In the century and a half since Charles Darwin's publication of The Origin of Species, evolutionary theory has become the bedrock of modern biology, yet its application to the understanding of the human mind remains controversial. For the past 30 years, evolutionary interpretation of human cognition has been dominated by the field of evolutionary psychology. One view of this field is that human minds are composed of a list of dedicated programmes, each fashioned by natural selection to solve specific problems faced by our Stone Age ancestors, with all humans possessing the same universal architecture irrespective of geography or upbringing. However, this characterization of the human mind has been subject to criticism, in particular that some interpretations were so speculative they amounted to 'evolutionary stories.'
In an article published July 19 in the online, open access journal PLoS Biology, a team of biologists, psychologists and philosophers from the University of Utrecht in the Netherlands, the University of Cincinnati in America, and the University of St Andrews in Scotland, suggest a new framework for the evolutionary analysis of the mind that draws on recent work from a variety of related subjects.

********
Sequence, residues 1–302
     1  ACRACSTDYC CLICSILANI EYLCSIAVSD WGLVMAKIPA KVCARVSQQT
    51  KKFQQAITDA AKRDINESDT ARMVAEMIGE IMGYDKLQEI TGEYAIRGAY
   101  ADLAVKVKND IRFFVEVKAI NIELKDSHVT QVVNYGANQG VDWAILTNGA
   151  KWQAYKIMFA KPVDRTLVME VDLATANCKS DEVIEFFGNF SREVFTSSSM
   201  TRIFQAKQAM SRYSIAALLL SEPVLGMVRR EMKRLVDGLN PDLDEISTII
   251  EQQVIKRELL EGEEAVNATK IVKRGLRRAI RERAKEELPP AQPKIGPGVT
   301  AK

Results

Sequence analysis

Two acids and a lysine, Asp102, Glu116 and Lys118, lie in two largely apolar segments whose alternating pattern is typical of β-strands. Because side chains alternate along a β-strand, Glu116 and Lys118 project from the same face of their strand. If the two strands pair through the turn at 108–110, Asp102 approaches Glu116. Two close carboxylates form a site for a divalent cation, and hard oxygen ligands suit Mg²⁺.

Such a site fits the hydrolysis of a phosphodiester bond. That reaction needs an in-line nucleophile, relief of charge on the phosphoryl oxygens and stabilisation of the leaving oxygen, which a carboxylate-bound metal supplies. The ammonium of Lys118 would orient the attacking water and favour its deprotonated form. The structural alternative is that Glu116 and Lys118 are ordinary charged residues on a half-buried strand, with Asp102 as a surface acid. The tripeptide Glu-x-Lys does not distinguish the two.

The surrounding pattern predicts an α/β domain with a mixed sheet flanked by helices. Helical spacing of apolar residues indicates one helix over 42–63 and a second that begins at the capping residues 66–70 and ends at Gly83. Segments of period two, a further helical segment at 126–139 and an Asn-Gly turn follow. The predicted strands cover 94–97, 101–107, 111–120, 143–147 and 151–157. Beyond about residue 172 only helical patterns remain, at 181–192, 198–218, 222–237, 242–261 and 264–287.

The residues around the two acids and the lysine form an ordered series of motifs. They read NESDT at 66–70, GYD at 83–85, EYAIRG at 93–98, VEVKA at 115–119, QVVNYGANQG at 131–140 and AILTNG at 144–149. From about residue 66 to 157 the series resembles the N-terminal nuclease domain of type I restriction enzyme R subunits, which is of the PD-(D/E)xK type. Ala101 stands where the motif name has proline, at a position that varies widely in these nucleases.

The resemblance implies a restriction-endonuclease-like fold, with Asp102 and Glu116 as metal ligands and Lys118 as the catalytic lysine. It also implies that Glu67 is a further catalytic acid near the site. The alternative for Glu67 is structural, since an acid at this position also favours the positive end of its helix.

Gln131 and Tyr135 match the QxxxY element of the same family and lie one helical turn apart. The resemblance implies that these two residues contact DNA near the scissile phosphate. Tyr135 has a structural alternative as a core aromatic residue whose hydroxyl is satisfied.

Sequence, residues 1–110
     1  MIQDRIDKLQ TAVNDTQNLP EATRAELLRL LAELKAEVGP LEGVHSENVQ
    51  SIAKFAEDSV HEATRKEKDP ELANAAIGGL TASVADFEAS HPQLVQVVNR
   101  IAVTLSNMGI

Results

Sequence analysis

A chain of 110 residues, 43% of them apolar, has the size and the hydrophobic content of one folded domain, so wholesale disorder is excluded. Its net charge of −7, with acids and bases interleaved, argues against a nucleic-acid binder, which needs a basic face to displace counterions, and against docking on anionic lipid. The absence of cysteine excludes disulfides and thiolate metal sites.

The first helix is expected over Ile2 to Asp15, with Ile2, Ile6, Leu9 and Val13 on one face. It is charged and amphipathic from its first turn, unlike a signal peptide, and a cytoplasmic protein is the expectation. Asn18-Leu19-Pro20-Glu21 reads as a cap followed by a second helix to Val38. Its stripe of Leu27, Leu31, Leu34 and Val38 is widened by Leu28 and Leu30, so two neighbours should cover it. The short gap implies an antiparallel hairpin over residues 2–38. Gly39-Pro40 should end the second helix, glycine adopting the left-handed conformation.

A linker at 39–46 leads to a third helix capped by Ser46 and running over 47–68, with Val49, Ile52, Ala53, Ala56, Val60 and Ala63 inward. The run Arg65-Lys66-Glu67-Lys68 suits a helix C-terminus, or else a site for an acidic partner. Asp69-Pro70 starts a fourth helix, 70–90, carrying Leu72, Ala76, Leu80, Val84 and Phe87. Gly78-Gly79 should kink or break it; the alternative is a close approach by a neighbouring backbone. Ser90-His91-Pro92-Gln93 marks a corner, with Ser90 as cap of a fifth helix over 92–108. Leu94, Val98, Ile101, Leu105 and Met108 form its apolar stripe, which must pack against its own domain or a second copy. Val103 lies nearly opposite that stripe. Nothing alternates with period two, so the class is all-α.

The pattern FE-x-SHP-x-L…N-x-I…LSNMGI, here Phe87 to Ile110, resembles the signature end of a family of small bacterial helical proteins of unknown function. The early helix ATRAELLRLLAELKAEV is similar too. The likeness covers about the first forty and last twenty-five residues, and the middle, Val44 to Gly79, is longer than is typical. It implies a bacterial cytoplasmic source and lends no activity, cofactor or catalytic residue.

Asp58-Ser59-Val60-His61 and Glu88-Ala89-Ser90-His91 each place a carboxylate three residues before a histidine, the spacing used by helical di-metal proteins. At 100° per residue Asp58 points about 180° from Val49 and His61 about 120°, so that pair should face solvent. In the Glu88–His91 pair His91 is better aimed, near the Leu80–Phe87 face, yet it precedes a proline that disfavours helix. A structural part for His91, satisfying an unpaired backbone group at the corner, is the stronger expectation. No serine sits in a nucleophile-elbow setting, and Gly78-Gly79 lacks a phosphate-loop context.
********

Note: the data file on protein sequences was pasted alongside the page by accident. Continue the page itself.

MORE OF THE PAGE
Professor Johan Bolhuis and colleagues describe how the field of evolutionary psychology had been dominated by a set of widely held assumptions -- e.g., that human behavior is unlikely to be adaptive in modern environments, that human cognition is task-specific, and that there is a universal human nature. However, new findings and approaches from genetics, neuroscience and evolutionary biology now question these assumptions. For example, many human genes have been subject to recent selection in the past few thousand years, which means that humans cannot accurately be portrayed as being adapted only to a Stone Age environment. Experimental and theoretical findings also suggest that humans play an active, constructive role in co-directing their own development and evolution. How humans think and behave varies from individual to individual and place to place. Moreover, experimental evidence suggests that human minds frequently utilize very general learning rules rather than a more modular account of cognition.
Senior author Professor Kevin Laland, former president of the European Human Behaviour and Evolution Association, states: "The current evolutionary psychology paradigm made sense in the 1980s, when modularity of mind was all the rage and everyone thought that evolution was slow. However, with the benefit of hindsight we can see that these assumptions were questionable, and [it] is now clear that the field needs a broader, theoretical framework. Recent developments in evolutionary & developmental biology and cognitive science provide some very exciting new avenues for research. We enter a new phase in the discipline."
Cite This Page: